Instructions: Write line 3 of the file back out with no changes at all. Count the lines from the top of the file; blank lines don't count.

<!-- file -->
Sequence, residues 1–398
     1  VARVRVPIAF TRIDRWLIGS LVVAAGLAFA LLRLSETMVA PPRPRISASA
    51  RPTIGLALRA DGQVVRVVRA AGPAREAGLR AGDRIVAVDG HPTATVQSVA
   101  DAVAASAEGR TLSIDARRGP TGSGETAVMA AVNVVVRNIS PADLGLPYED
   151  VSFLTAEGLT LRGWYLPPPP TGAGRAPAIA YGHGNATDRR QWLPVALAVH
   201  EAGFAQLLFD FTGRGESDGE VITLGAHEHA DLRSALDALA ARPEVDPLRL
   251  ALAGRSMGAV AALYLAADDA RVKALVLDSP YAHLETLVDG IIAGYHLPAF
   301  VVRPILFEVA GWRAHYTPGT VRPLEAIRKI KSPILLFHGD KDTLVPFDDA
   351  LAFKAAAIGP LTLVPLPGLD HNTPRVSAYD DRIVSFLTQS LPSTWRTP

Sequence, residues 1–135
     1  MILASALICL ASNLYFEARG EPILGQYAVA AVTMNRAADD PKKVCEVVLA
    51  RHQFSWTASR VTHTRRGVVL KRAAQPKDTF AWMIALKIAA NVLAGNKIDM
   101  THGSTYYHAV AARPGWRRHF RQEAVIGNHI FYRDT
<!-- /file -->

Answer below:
    51  RPTIGLALRA DGQVVRVVRA AGPAREAGLR AGDRIVAVDG HPTATVQSVA